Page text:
*Windex. Chrome = dirt magnet. It can get irritating. While the blind is sitting in the group soaking I tend to spray and wipe the drip tray and the panel on which the group is mounted. The sides tend not to get very dirty, so it's not usually necessary to clean them weekly. Apparently microfibre cloths are also really good for polishing chrome - but for crying out loud don't use the same one that you use for the steam wand!
*Scale (calcium carbonate) tends to build up inside espresso machine boilers at a rate dependent on the quality of your water. Scale forms preferentially at the water level line. I gather that autofill probes function by switching the machine off when the level touches the probe, allowing for current to be transmitted through the water and the probe and switching off the pump and boiler fill solenoid. Scale happens to form on the probe and I gather that it prevents this conduction, with the result that over time the boiler fills more and more. This, in turn, means that there is less steam in the boiler. (Someone correct me if I'm wrong and I'll update the post.) Then there's the fact that excessive scale build-up can eventually clog the various bits and pieces that water is supposed to flow through. So descaling when it is necessary is pretty important for all domestic espresso machines, unless you have a pretty hefty water filtration system. Descaling involves draining the boiler of as much water as possible, filling it with a descaling solution, running the descaling solution through the group several times, then draining and flushing the descaling solution out of the boiler and heat exchanger. Typically, the difficulty is that you need to open up the machine and do some shenanigans to get the machine to over-fill. I did that when descaling, but in doing so I noticed that tilting the machine 45 degrees or so will also make it overfill slightly. I imagine that this might be sufficient and, if so, it is a neat little shortcut.
*Wearing parts. The rubber O-rings in the steam and hot water tap and the gaskets will need to be replaced every so often. The teflon gasket between the steam tip and the tip of the steam wand might also need replacing - I'm not sure. I gather that pressurestats, pumps and brain boxes all eventually need replacing on most machines, although we are probably talking very long term there. Steam valves seem to need to be rebuilt every so often as a matter of course on commercial machines, so there's another thing to watch out for.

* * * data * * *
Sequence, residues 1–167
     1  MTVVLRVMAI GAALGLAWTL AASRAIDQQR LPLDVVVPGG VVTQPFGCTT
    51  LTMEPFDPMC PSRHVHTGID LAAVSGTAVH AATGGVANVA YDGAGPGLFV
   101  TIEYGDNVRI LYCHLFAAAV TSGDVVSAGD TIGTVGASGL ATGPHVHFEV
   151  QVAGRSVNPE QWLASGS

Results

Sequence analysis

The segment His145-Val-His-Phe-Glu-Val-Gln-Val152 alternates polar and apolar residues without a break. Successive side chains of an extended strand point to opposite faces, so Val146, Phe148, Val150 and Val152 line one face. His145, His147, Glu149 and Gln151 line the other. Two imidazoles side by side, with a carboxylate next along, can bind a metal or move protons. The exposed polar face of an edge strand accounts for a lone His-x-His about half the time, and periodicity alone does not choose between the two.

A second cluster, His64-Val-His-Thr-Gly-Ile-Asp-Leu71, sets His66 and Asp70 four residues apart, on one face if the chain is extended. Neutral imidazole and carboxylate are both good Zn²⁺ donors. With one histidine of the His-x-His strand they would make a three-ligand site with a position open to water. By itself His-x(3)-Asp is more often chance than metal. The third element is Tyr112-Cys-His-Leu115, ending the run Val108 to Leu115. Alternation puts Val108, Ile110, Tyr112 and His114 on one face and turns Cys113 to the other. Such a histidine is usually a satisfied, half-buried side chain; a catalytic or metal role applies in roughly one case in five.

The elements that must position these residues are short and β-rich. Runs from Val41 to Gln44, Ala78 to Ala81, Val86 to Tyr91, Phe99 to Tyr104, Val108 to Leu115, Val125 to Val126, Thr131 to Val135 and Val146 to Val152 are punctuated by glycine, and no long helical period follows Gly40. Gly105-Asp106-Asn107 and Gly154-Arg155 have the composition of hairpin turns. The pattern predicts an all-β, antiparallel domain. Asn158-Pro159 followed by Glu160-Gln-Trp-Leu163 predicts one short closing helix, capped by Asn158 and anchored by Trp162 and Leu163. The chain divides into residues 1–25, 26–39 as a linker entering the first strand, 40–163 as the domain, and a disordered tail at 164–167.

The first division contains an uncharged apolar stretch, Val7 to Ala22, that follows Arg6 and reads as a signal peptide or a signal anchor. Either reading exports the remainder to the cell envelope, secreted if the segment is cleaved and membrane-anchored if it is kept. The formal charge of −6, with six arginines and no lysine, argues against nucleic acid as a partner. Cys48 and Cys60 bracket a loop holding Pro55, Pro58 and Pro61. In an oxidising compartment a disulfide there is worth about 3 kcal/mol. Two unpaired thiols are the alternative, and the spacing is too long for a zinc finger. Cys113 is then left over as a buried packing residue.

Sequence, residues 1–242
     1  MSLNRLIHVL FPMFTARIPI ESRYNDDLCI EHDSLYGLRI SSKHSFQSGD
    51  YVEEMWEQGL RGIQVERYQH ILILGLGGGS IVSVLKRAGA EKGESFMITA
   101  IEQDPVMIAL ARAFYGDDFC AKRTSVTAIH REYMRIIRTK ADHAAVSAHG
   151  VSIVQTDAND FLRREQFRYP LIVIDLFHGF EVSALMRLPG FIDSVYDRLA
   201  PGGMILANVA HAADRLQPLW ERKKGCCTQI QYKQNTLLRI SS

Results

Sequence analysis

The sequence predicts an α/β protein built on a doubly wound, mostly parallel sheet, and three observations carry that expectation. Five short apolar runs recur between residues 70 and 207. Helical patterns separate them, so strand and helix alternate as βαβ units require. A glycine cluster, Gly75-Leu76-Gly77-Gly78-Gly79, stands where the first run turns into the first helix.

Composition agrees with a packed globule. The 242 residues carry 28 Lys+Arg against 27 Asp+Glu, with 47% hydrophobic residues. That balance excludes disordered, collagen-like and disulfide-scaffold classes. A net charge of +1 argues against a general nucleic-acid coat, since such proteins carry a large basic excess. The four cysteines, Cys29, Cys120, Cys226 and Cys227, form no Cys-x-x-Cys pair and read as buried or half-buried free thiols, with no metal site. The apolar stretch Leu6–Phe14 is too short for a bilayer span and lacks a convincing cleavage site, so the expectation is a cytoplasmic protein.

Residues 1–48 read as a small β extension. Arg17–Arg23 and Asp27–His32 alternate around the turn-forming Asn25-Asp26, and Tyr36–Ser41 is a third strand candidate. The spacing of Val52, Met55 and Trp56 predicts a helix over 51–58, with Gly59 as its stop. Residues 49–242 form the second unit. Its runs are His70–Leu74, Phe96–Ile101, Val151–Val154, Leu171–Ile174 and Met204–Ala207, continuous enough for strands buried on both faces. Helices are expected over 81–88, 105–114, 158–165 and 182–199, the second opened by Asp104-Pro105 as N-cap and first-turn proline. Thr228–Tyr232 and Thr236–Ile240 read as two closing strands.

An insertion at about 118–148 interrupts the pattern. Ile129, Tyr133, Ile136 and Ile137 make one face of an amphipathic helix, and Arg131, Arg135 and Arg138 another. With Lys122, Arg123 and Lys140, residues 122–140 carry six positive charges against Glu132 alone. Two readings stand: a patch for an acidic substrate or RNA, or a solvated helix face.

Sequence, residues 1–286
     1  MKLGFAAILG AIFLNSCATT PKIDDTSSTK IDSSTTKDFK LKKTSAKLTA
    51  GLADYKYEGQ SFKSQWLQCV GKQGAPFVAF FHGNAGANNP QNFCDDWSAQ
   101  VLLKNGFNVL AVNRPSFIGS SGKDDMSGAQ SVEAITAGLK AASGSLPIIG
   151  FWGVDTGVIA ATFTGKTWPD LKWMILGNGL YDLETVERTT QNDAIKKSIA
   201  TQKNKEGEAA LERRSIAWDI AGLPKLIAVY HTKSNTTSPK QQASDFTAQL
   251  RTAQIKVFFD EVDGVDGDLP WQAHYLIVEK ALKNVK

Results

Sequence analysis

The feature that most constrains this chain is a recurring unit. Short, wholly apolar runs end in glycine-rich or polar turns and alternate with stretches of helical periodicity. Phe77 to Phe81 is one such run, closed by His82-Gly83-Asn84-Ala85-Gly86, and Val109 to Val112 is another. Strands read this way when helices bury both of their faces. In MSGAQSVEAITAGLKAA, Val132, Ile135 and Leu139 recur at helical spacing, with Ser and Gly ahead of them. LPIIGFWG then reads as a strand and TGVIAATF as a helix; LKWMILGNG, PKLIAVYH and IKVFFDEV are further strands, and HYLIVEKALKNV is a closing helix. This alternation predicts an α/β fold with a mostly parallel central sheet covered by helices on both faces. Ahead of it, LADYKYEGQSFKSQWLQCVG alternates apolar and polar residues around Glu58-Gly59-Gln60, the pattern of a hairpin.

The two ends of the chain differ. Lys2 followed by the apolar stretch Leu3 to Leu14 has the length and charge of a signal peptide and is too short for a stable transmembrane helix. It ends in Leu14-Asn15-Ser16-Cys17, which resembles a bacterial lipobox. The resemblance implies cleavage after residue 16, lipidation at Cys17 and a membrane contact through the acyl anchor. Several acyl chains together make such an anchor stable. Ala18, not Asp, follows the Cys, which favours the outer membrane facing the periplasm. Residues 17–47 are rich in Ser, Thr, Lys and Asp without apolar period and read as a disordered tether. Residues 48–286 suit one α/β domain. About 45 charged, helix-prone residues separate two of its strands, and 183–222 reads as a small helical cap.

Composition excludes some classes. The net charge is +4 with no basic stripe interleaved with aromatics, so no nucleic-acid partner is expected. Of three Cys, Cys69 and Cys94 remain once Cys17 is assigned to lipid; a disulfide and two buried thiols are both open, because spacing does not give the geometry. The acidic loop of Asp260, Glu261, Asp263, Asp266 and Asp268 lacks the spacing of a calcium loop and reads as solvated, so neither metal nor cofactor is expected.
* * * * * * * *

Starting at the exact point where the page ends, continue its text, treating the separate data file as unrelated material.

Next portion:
*Water filter. I gather that these things are supposed to be replenished occasionally by soaking them in a glass of brine, then running water through them. I have been completely negligent in this regard and will try to find out what the story is there.
Random Other Stuff
Summary: I talk about various things in this section that aren't of particularly great consequence to what's in the cup.
Forgive me, but I'm going to use bullet points to get through the random stuff that doesn't affect the cup and about which I have (comparatively) little to say:
- Information overload: I guess that the front of the machine might make it look unduly complicated, but everything serves a purpose. The various lights indicate the element being on, the machine being at temperature and the power being on. The power light goes out when the weight sensor beneath the water tank detects that there isn't much water in the tank. It would be nicer to have some sort of gauge that gave you a reading of how full the tank is, but so far no manufacturer of "prosumer" machines has managed to do what sunbeam et al find quite simple. I don't look at the brew and boiler pressure gauges all that much any more, but it is nice to know that everything is as it should be.
- Fit and finish: I think that it looks great, but, as I said, all of these shiny chrome things are hard to keep clean. I have dismantled the machine and put it back together a few times; occasionally a lack of care when putting the central piece of metal back in place will mean that everything doesn't fit flush.
- Cup warmer: The good part is that it is easy to lift on and off, thanks to the rails. The bad part is that the cups at the back, above the water reservoir, don't get as hot as those at the front. I wonder if any prosumer machine manufacturer has solved this problem.